Raw Story

'He did nothing!': Video shows Minneapolis cop throwing 64-year-old Black man to the ground

A Minneapolis police officer is under investigation after he was caught on video throwing a 64-year-old Black man to the ground inside a grocery store for unknown reasons.

"In the almost five-minute video, officer Christopher Lange is seen aggressively grabbing Troy Lee Billups and pushing him onto the ground in an attempt to arrest him" inside an Aldi store on Wednesday, according to a report from Fox Channel 9.

"The person recording the video is heard telling officer Lange that it was 'two people having a conversation together, and you decided to escalate the situation by shoving him,'" the station reported.

"You’re supposed to de-escalate. How is this de-escalating?" the person recording can be heard saying. "What are you doing? Why is he under arrest?"

After Lange says "You're under arrest," Billups can be heard responding "For what?" and yelling "Let me go."

"When Lange did let go, Billups rebuked him for apparently shoving a young man in the store earlier," the Star Tribune reported.

"You gotta keep your hands off him," Billups told Lange. "You don't put your hands on no young kid."

Lange eventually escorted Billups outside before handcuffing him.

"All I did was tell him, 'Don't touch the kid,'" Billups told another nearby officer as Lange emptied his groceries on the hood of a squad car.

Billups was charged with obstructing legal process with force, and later released without bail. Minneapolis police said the matter is being evaluated by the Office of Police Conduct Review.

"Department policy and training continues to emphasize the importance of de-escalation efforts to stabilize and resolve situations when safe and feasible," MPD spokesperson Garrett Parten said.

Watch below.


Judge grills Trump lawyer over rape allegation: How is saying 'she's not my type' part of presidential duties?

On Friday, a federal appeals court in New York heard arguments over whether the Justice Department should take over the defense of former President Donald Trump in the defamation suit by advice columnist E. Jean Carroll, who has accused him of raping her in a department store in the late 1990s.

One of the pivotal moments of the arguments, according to BuzzFeed News, came when one judge asked Trump's legal counsel how the former president's statements against Carroll were part of his official duties.

"In one interview responding to Carroll’s accusation, he was quoted as saying, 'I’ll say it with great respect: Number one, she’s not my type. Number two, it never happened,'" reported Zoe Tillman. "That comment jumped out to Second Circuit Judge Denny Chin, who pressed Trump’s personal attorney Alina Habba to explain why the court should find that making that kind of comment was within Trump’s 'scope of employment' as president. 'Who is he serving when he says something like, ‘she’s not my type?’ Is he serving the United States of America when he makes that statement?' Chin, who was confirmed under former president Barack Obama, asked."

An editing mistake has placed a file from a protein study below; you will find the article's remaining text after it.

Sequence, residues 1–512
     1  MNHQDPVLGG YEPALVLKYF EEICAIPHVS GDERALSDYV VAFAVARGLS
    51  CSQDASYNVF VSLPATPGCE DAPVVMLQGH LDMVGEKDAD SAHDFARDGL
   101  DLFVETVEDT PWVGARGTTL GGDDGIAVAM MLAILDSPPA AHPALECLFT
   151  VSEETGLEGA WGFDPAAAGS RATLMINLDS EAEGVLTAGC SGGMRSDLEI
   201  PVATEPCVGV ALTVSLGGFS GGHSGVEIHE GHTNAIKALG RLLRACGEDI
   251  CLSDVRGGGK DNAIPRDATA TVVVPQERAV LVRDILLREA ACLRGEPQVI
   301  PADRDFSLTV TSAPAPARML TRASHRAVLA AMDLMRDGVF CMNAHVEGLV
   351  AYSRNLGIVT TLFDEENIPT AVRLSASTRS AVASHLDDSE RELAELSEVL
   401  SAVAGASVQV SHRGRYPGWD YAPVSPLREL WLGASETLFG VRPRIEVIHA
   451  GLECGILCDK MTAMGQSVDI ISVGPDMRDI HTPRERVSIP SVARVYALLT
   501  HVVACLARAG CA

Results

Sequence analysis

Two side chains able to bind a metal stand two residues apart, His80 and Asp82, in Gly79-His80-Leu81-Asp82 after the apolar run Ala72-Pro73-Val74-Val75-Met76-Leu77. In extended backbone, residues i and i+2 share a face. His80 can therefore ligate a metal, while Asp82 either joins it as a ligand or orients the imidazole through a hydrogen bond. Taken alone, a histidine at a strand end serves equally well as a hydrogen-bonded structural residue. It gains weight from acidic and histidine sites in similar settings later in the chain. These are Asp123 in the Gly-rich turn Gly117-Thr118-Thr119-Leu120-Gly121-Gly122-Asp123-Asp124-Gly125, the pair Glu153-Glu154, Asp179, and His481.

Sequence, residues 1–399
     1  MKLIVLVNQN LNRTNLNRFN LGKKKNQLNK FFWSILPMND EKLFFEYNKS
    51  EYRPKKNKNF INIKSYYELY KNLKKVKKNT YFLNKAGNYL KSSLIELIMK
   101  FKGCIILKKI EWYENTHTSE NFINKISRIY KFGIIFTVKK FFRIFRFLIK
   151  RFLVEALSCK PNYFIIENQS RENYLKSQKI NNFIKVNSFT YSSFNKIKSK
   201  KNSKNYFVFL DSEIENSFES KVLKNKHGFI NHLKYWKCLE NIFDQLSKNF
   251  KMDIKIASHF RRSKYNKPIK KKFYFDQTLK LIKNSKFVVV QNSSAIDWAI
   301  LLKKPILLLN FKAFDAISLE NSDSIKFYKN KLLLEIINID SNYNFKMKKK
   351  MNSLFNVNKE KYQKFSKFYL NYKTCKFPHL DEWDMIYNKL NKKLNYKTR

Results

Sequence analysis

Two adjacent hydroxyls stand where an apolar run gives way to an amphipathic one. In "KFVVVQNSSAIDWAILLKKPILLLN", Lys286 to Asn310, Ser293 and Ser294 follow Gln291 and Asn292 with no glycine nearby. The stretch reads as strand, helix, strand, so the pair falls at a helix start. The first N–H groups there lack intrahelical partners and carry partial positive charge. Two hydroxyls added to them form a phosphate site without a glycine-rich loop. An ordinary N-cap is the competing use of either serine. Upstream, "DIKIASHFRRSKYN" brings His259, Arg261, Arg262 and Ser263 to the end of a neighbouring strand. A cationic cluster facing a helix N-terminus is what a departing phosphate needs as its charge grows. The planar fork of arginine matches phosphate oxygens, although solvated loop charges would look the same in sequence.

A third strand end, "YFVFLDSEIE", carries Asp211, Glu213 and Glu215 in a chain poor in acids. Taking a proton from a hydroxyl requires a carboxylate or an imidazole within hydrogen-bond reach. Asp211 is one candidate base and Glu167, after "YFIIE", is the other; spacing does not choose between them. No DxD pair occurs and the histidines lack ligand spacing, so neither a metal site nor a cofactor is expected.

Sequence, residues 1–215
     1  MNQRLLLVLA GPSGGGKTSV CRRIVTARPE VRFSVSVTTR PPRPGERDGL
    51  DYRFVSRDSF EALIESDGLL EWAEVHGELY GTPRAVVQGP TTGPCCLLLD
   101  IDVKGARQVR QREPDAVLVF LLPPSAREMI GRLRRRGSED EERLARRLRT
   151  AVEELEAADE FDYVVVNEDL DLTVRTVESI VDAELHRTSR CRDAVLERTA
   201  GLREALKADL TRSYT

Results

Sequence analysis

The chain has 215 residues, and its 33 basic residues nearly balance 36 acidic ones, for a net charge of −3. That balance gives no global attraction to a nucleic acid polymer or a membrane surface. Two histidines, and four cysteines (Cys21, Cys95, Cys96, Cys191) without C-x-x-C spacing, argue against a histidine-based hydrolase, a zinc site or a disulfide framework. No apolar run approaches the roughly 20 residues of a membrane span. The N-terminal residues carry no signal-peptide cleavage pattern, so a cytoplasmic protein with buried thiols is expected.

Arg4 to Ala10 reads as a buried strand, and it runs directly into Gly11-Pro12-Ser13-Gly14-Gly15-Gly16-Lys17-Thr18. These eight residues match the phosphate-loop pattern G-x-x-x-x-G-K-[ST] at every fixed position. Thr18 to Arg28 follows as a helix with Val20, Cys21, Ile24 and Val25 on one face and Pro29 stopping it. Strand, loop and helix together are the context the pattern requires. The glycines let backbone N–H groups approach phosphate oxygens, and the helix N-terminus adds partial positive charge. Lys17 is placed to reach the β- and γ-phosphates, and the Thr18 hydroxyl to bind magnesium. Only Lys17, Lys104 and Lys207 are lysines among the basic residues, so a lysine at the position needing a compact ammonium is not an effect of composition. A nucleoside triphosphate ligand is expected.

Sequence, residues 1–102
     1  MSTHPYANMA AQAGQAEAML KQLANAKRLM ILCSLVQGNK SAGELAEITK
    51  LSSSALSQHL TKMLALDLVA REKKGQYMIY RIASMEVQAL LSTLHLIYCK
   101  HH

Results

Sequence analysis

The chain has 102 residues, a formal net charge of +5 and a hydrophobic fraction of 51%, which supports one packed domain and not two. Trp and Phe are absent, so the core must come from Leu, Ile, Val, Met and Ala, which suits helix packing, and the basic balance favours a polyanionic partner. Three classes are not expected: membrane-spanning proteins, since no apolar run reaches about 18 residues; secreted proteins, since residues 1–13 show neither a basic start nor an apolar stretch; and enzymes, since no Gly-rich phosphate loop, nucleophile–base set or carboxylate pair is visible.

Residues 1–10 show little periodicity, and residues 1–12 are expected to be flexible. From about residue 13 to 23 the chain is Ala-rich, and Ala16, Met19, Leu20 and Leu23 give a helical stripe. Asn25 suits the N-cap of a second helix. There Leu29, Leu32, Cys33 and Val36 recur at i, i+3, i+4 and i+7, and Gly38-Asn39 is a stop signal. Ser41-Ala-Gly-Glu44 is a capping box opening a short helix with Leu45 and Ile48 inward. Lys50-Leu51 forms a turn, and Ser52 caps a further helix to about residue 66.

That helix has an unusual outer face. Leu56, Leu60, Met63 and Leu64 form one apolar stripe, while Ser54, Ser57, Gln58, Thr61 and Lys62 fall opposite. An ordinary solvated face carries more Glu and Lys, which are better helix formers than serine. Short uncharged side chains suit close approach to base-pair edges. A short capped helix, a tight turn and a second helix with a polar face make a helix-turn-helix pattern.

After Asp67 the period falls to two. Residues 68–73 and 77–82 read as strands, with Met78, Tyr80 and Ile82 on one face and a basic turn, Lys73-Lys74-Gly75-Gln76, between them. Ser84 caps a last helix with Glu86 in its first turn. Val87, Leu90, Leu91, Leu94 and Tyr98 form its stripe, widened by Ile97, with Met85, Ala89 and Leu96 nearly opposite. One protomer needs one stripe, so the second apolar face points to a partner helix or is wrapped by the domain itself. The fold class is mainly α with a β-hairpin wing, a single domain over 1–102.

According to the report, "Habba replied that it was part of his job as president because he had to respond to Carroll’s allegation to the extent it affected his ability to serve."

The Justice Department announced in June that it is continuing to try to take over the case. In September, they asked the court to stay all proceedings, but this request was denied.

'I am never a minute late': Trial unearths Elizabeth Holmes's bizarre written daily schedule

The fraud trial of Theranos founder Elizabeth Holmes has unearthed her written daily schedule in which she makes a series of bizarre proclamations about her diet and her communications style.

The schedule was admitted into evidence at Holmes's trial this week and it begins with her waking up at 4 a.m. with instructions to "rise and thank God."

A couple of hours later, Holmes would pray for ten minutes before having a breakfast consisting of a banana and whey.

Odder then the schedule itself, however, were Holmes's notes to herself to seemingly remind herself of how to behave throughout her day.

"I am never a minute late," she wrote. "I show no excitement calm, direct, pointed... ALL ABOUT BUSINESS."

Other Holmes notes made claims such as "I know the outcome of every encounter" and "I am fully present."

Holmes was indicted in 2018 on nine counts of wire fraud and two counts of conspiracy to commit wire fraud for her role in allegedly promoting a false product as CEO of Theranos.

See the whole schedule below.

Mark Meadows may have inadvertently blown up his own executive privilege claims: legal expert

Former Trump chief of staff Mark Meadows has a book coming out about his experiences in the Trump White House -- and members of the House Select Committee investigating the January 6th Capitol riots think that it blows up his claims of executive privilege.